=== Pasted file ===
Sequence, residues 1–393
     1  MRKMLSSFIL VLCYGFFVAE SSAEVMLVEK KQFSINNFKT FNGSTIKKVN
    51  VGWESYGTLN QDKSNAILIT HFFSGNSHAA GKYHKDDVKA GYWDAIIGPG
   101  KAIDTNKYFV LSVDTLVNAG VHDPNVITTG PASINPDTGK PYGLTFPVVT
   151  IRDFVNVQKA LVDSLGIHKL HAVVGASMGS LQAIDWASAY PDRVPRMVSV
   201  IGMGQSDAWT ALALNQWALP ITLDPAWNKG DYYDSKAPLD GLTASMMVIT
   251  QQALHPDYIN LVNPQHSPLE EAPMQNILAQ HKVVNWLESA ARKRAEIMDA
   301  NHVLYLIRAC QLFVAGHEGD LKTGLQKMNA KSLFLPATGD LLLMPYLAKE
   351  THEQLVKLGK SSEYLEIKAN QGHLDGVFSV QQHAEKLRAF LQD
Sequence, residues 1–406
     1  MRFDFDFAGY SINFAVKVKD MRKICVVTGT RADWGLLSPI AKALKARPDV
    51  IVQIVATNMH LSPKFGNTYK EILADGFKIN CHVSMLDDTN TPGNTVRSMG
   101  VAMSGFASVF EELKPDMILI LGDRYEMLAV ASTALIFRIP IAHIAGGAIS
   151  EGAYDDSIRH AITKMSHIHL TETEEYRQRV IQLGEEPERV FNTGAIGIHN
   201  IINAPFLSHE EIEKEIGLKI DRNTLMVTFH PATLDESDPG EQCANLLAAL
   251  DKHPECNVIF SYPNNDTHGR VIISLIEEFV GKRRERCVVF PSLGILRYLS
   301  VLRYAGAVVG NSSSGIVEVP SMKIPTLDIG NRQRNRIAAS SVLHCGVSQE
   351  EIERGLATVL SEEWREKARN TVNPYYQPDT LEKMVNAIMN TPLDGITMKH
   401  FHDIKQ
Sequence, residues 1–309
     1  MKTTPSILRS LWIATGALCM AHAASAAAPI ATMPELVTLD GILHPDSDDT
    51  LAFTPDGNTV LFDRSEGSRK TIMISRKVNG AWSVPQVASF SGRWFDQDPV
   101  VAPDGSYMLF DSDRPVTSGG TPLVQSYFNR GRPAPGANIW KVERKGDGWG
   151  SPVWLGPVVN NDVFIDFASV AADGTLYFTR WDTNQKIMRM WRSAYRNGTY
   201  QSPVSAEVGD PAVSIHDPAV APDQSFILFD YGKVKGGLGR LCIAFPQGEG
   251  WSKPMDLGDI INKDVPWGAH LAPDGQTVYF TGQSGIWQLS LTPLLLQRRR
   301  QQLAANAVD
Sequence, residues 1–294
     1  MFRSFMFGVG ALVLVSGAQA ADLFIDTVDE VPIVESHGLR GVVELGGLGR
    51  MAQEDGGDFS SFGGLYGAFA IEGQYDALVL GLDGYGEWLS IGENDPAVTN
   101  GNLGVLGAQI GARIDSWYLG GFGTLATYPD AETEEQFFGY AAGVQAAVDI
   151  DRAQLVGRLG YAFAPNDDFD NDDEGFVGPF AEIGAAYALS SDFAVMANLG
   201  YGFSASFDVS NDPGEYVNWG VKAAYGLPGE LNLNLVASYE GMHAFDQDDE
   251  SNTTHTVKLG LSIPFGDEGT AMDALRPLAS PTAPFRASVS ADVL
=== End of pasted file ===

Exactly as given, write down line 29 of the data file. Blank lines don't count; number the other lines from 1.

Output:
     1  MFRSFMFGVG ALVLVSGAQA ADLFIDTVDE VPIVESHGLR GVVELGGLGR